Don't settle for "the next cycle," as it may never come.
Don't permit a round of half-baked emails suffice for developer guidance.
Get them on the phone with the analytics expert so they can go over the tag requirements one-by-one and one-on-one. Make them stay in touch with the tag expert throughout the process of tag placement. Make sure they let you know when they have placed the tags (or a suitable proportion of them) so that they can be tested. Often enough, they will not, and some adjustments will have to be made. Make sure they go through this testing process with the analytics expert in something like real time. Too often I have seen developers, busy with other projects, leave off a tagging communiqué until weeks after the fact. This will often destroy any chance you might have had to collect meaningful data over the full course of the project.
You may not be able to know those numbers now, but now you know why. And if you coordinate closely between your analytics experts and your developers, you will then be in a position to know those numbers. And your stakeholders will be much better pleased once you've done this.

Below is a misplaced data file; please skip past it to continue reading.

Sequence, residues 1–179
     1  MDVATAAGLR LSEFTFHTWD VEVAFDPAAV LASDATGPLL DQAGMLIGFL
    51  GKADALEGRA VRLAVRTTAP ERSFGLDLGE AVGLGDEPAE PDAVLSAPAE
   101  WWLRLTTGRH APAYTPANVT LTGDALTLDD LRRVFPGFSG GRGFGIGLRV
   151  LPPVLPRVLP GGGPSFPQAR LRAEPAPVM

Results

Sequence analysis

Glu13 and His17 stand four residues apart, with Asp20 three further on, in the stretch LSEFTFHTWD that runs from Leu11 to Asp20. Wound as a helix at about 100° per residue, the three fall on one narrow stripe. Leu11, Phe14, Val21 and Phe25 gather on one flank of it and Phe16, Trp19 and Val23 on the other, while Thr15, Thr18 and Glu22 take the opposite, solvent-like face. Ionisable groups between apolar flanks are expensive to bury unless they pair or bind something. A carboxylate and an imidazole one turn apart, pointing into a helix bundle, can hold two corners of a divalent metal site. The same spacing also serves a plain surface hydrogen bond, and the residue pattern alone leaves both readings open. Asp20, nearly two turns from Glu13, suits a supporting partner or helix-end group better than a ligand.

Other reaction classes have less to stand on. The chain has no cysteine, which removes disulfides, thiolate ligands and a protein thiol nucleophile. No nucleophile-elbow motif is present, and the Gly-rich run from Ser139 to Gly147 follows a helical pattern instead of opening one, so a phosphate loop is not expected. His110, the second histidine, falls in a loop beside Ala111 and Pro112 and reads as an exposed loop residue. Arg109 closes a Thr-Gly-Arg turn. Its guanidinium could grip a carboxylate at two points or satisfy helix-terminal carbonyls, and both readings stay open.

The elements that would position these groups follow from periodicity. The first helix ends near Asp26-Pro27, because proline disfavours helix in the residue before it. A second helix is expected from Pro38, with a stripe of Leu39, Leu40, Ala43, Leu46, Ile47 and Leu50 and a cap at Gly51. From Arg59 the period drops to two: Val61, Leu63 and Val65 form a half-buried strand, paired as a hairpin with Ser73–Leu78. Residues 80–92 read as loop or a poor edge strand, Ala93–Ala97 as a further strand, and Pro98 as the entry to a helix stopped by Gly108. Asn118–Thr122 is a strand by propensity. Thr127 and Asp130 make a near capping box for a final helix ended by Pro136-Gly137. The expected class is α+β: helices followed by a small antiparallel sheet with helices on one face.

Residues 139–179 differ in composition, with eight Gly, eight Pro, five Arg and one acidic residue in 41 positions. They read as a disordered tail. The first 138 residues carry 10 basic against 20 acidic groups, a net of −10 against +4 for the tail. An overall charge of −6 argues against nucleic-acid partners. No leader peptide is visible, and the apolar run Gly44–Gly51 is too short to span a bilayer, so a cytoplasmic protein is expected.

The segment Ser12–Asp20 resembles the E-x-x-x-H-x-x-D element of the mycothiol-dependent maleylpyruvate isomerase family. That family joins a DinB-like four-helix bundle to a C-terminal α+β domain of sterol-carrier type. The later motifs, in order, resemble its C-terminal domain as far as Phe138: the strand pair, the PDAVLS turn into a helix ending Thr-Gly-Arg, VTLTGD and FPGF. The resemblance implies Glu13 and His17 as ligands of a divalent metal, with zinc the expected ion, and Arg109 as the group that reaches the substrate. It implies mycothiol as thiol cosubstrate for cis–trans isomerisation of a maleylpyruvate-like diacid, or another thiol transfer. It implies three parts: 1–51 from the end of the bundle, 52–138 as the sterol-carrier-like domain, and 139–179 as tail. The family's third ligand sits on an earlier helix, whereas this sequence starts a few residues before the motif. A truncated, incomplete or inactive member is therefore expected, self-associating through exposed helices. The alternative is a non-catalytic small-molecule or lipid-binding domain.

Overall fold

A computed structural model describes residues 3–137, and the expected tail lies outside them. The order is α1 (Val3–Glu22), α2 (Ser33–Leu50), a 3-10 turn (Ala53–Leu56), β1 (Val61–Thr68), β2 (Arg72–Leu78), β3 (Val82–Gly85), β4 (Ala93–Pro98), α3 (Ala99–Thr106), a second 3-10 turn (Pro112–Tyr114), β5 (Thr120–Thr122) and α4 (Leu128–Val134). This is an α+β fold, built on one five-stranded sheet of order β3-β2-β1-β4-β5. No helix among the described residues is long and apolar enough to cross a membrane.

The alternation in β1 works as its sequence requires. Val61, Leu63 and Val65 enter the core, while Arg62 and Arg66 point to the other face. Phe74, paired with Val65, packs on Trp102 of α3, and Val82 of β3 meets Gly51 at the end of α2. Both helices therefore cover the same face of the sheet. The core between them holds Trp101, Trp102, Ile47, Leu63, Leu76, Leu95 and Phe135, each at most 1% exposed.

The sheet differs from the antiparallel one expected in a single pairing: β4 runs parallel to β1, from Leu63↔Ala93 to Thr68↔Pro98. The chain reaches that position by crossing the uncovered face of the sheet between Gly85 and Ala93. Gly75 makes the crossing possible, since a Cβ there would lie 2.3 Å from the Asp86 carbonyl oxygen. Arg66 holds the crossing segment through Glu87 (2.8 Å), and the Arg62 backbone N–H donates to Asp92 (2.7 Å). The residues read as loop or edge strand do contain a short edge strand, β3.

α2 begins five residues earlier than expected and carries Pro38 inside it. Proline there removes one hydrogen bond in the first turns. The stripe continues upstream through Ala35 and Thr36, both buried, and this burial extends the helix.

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Andrew is a digital marketing executive with 20 years' experience servicing the enterprise customer. Currently he is Managing Partner at Efectyv Digital, a digital marketing consulting company, and Managing Partner at Technology Leaders, a web analytics consulting firm he founded in 2002. He combines extensive technical knowledge with a broad strategic understanding of digital marketing and especially digital measurement, plus hands-on creative in the form of the written word, user-experience and traditional design.
His practice is dedicated to building customers' digital marketing success and helping them save money during the process.
He is a writer, a public speaker and a visual artist as well.
His book "Digital is Destroying Everything—and What Comes Next" will be published by Pearson in the Spring of 2014. He writes a regular column about Analytics for ClickZ, the 2013 Online Publisher of the Year. He wrote the groundbreaking "Dawn of Convergence Analytics" report which was featured at the SES show in New York, and the second report in the series will be featured at the same show in San Francisco.
In addition to speaking at SES, he has presented at eMetrics; and his session was voted one of the top ten presentations at the DMA show in Las Vegas. He is speaking again at the DMA in Chicago in the fall of 2013.
In 2004 Andrew co-founded the Digital Analytics Association and is currently a Director Emeritus. He has designed analytics training curricula for business teams and has led seminars on digital marketing subjects.
He was also an Adjunct Professor at The Pratt Institute where he taught Advanced Computer Graphics for 3 years. Andrew is also an award-winning, nationally exhibited painter.